I ordered a shrimp taco in addition to my tasty clam. It looks a lot like the fish taco, doesn’t it? It was a few shrimp and they seemed to all be battered together in one long strip. I thought that was weird since it was actually a few pieces of shrimp.
I added a little crema, pico, and extra cilantro on top of my shrimp taco.
Here’s a little peek – you can see a little bit of the pink shrimp! It was very crunchy on the outside and the shrimp was perfectly cooked and juicy. I loved the light, crunchy batter on the outside of the shrimp – it was pretty tasty!
El Taco Riendo
Corner Blvd. Cardenas and Calle Miramar
Ensenada, Baja California
We drove around Ensenada a little bit and then headed back up to Rosarito so Jake and I could fetch my car and head back home. Here’s a little bit of the view from the drive back to Rosarito. You drive right along a windy road right on the coast. Most of the drive there was no development and just mountains and fields (where we saw horses and a few cows). Very pretty drive!
Jake and I made a couple of additional stops before we left to pick up some extra snacks, candies for the kids, and some tamales.
There was this little stretch by the side of the road that had about 7 or 8 different tamale stands in a row. We parked and just went to the one we parked the closest to. It was just a simple little stand where the lady had pots of tamales available.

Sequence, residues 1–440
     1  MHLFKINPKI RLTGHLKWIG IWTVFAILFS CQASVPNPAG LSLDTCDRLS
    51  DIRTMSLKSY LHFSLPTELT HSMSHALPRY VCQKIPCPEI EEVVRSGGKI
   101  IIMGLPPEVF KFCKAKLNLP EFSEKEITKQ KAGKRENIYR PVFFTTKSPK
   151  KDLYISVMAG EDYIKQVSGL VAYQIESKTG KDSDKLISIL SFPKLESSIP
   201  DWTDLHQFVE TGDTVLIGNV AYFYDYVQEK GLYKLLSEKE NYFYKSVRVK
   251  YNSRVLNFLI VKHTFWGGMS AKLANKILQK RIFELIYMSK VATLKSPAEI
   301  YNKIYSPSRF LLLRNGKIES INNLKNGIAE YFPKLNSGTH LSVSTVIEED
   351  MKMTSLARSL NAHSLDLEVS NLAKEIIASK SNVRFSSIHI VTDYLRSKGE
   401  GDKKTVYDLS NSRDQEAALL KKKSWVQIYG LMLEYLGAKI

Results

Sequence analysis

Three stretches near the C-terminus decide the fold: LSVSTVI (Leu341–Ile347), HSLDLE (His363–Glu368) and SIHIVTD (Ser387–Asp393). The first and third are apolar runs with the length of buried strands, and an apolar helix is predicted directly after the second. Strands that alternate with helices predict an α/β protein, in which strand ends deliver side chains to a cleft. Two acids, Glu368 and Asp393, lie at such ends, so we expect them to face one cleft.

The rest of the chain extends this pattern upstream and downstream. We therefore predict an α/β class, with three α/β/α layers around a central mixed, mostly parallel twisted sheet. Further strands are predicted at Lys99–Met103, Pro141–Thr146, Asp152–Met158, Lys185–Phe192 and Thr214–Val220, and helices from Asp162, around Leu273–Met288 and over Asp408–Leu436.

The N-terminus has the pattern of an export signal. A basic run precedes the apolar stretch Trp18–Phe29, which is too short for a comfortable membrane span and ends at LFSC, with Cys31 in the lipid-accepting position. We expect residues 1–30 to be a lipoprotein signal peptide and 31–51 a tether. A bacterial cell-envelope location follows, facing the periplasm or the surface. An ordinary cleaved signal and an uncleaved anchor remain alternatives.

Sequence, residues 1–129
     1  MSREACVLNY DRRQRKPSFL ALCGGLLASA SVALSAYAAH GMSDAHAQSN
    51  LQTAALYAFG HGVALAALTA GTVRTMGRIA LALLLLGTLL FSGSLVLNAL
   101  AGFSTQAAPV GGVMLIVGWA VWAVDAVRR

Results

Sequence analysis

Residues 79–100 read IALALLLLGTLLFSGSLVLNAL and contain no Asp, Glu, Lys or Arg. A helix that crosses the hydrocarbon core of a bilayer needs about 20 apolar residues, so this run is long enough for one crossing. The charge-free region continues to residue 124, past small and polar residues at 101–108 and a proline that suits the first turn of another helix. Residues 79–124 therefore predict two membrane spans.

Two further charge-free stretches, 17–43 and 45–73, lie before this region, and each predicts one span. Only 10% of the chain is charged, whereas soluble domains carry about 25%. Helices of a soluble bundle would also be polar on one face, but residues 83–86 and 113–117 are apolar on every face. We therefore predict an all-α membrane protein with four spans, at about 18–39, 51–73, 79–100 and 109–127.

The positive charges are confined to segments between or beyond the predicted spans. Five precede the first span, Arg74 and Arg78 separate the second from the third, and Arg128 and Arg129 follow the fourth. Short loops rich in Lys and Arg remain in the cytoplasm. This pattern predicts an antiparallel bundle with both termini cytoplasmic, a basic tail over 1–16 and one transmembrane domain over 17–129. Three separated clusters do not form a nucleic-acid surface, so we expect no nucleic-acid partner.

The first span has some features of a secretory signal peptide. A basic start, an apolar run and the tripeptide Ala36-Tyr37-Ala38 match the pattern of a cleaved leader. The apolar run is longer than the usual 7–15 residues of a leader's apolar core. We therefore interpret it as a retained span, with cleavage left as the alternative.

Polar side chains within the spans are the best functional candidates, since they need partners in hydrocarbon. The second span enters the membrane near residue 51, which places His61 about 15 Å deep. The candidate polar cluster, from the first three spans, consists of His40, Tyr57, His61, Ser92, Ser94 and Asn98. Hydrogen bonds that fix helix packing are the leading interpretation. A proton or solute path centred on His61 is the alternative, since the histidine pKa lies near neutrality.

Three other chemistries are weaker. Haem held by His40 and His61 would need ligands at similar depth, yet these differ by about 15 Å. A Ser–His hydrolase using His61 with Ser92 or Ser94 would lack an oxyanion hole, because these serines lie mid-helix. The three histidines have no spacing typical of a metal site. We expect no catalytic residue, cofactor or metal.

If you’re going to Mexico and bringing tamales back, don’t get pork tamales. Pork is not allowed across the border in any form. We bought chicken, cheese, and corn tamales and these were fine for bringing across. Make sure if you buy any produce, that it’s allowed to come across the border as well. Lots of stuff isn’t allowed to cross! This article is a good place to start.
Lessons Learned: Crossing the Border
So here’s the happy part of our border crossing: freshly made churros!
Goodness these were pipping hot and so incredibly delicious. Better than most of the churros you can get in the states and the whole bag cost $2. YUM.
This view is from the first time we tried to cross. Yes. “First” time.
We made the horrible mistake of getting IN THE WRONG LANE.